The company’s well-known full-service restaurants on the Seattle waterfront and Lake Union would continue to operate as before, but its aging owners would get some cash from the real-estate market.
Ivar’s is seeking buyers for the properties that house its well-known full-service restaurants — Acres of Clams on the Seattle waterfront and the Salmon House on Northeast Northlake Way — with the intention to lease them back long term.
Unlike many restaurant operators, Ivar’s owns the properties, including the land.
Now, with the real-estate market “hot as a pistol” and all four of the Ivar’s owners “getting up in years — in our 60s and 70s,” it seemed like a good time to sell the properties, said Ivar’s President Bob Donegan.
Some of the proceeds would also be reinvested in the chain, remodeling some restaurants, opening new ones and expanding the Ivar’s chowder plant in Mukilteo.
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He said the moves aren’t related to changes in menu prices and employee compensation after Seattle raised the minimum wage. Because Ivar’s is seeking long-term lease-backs on any sale, customers should not notice any change.
In addition to three full-service restaurants, Ivar’s has 23 fish bars. Its fish bars are typically in leased locations.
The company tested the idea with the sale of its Ivar’s Mukilteo Landing property earlier this spring to an entity managed by principals at Seattle-based developer Martin Smith Inc. (The father of H. Martin Smith III, a principal at Martin Smith Inc., was a cousin of Ivar’s founder Ivar Haglund.)
The lease-back arrangement at the Mukilteo location is for 25 years.
“We wanted to see what the process was and if the market was as hot as we thought it was,” Donegan said.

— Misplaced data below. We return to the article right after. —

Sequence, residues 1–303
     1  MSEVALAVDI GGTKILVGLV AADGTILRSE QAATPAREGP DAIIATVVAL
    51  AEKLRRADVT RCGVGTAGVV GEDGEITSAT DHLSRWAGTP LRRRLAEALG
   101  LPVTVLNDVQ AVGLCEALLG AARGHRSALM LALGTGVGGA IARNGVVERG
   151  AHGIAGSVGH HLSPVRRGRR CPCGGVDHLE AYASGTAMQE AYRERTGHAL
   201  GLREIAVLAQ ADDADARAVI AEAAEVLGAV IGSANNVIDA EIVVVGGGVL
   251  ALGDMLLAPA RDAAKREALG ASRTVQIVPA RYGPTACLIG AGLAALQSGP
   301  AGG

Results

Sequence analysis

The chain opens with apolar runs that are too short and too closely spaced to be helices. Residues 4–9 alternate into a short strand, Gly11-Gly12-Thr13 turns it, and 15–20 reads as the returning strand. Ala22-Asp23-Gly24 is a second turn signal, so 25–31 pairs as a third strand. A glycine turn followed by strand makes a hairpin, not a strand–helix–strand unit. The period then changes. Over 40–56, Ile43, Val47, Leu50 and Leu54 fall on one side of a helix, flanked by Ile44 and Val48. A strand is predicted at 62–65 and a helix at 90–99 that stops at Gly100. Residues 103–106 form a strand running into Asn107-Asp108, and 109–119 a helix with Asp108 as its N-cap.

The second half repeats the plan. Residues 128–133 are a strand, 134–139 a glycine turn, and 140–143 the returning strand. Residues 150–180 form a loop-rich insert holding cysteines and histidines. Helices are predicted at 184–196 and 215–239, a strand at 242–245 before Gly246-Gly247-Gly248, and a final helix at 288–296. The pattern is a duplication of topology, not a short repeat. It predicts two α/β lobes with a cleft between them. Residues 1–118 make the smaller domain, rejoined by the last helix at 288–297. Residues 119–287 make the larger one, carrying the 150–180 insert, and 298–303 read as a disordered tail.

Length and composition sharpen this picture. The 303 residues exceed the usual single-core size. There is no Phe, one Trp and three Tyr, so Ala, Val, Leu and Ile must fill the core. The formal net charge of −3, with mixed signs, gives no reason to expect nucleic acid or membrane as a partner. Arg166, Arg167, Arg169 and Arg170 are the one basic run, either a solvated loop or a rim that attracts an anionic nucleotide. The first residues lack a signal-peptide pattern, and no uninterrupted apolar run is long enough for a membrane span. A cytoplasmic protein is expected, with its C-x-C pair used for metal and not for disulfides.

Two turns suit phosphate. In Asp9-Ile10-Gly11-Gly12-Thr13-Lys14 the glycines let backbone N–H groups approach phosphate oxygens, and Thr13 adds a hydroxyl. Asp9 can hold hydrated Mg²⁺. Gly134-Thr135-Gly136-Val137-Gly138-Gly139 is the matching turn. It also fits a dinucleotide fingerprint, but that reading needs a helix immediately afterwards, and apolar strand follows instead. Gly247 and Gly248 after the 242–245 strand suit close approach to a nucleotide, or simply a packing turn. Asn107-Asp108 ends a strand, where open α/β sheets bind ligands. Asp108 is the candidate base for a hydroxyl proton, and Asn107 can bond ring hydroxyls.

“And it was,” with the company receiving multiple bids, he added.
Commercial real-estate firm Kidder Mathews will handle the sale of the Seattle properties.
A broker’s open house is expected in the next few weeks, Donegan said.
Ivar’s has not put a price on the properties.
Donegan said the moves weren’t influenced by the temporary closure of Acres of Clams due to the seawall construction. The restaurant reopened last July.
Also not a factor, Donegan said, was his decision that the Seattle full-service restaurants would raise menu prices and eliminate tipping, beginning last year, in order to raise the pay of Ivar’s lowest-paid workers directly to $15 an hour — ahead of the city’s new minimum-wage-law timetable.
Next week Donegan will review the full financials for the year since Ivar’s began that experiment last April at its Salmon House.
But to date, he said, of the 103 employees the Salmon House had at the beginning of the change, only one left over the compensation issue.
“Every employee working there today who was working there a year ago made the same or higher income as they made in 2014 and 2013,” Donegan said.
The number of customers has also been about the same, he said.
It’s harder to compare numbers at Acres of Clams since that business was closed, along with many others along the waterfront, for much of last year.
“The people who started with us last July — most of them are still at the pier,” Donegan said.